I agree Turbo. I believe the advent of the internet has lessened the necessity of trade shows. They are a hassle, and if you are as small a business as we are, no one is running the office if we are at a trade show. We used to have a big show in McCormick as well. I always heard people complained about the workers there, the people who installed water, air, electricity and big displays. Too expensive and bad attitudes, but McCormick still hosts big shows. Maybe labor there has gotten better, I hope it has.

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    Some cities are worse than others and some of the things you run into are terrible. Labor can be a big issue and if you take equipment fork lift fees can be horrible as well. I did one show in Philadelphia one time and our fork lift fees for 15 minutes work was $ 3600.00. There was a booth across from us that had a lot of equipment and their forklift fees were $ 17,000.00. That show moved around the country and never went back to Philly. Also at that show the hotel and convention center were not too close and only a handful of people showed up.

    If you need to rent something that too can be bad. We usually run 3 tv's in our booth. I had one not work at a show in Atlanta and inquired about renting one. It was $ 300.00 to rent one. I went out and bought one for $ 279.00. I always took chairs with me. At a show in Vegas I was talking to a friend who rented 2 chairs and he looked to see what he was charged and it was $ 300.00 for two chairs you could buy for 50 bucks.

    If you go to a show and come back with sales or prospects it does feel worth while but I have done shows when not a single retail prospect walked down the aisle. I never did those twice.
    Ray Badger, Turbo Technologies, Inc.
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    At a show in Vegas I was talking to a friend who rented 2 chairs and he looked to see what he was charged and it was $ 300.00 for two chairs you could buy for 50 bucks.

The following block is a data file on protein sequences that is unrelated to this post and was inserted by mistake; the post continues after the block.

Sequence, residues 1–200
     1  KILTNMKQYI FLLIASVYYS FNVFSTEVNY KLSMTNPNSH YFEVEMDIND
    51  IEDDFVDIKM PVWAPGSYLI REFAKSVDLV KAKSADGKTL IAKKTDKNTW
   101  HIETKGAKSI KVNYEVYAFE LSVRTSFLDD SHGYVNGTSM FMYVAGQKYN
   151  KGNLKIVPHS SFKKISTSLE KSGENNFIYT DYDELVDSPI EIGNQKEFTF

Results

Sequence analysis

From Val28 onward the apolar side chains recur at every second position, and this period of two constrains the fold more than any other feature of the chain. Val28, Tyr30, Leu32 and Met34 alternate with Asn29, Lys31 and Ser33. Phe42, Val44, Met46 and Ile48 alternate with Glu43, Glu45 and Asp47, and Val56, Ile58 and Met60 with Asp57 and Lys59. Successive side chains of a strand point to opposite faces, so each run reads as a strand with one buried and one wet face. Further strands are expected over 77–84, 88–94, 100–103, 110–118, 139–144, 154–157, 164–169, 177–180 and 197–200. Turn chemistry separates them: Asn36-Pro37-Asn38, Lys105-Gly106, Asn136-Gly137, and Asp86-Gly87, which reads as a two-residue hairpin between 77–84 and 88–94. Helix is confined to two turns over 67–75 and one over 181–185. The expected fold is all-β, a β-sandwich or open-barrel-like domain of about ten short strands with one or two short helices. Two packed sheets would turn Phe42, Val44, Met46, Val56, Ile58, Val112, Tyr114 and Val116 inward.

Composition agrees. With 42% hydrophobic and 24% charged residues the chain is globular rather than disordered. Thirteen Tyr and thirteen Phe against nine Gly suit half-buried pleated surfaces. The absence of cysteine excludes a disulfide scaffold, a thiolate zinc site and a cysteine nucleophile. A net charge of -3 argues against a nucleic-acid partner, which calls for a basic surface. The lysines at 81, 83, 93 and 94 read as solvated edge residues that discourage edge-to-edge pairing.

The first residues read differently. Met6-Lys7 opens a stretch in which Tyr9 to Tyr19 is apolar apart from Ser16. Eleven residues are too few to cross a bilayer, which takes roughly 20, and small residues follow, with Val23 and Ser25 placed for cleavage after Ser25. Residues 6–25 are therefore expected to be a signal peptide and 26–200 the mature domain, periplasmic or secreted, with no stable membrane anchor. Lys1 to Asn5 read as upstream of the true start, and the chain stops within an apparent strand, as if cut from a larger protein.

We get to the show a day early and go buy nice ones from Target for about $40 per chair and then either ship them home or just leave them, either way it's a savings.

    Smaller shows are likely less cost-effective compared to larger ones, just because you increase the odds of meeting new potential customers at larger shows. You should find shows that match up with the types of customers you want to meet who will be at those shows looking to meet someone like you and focus all your energies on that. You do need to show up again and again to exist in some industries.
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    Quote Originally Posted by Freelancier View Post
    We get to the show a day early and go buy nice ones from Target for about $40 per chair and then either ship them home or just leave them, either way it's a savings.
    Unfortunately, some shows won't let you do that - they require you to rent furniture or AV equipment from their exclusive vendors. Ironically, I've run into that most often at shows/conferences for open source software...
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    Unfortunately, some shows won't let you do that
    We've done a bunch of large shows in heavily restricted situations and no one has told us we couldn't bring in our own chairs or furniture. That's absurd.
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    I have no doubts that some shows are that way but I have not run into any. I have had some that won't let you carry in anything by hand. Some won't let you assemble your booth if it requires wrenches or ladders. A show that gets too restrictive or too money hungry isn't going to stay on our show schedule long.
    Ray Badger, Turbo Technologies, Inc.
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  10. #10

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    The next time we go to a trade show, I'm taking 8 extra chairs and a big "Chair Rental" banner.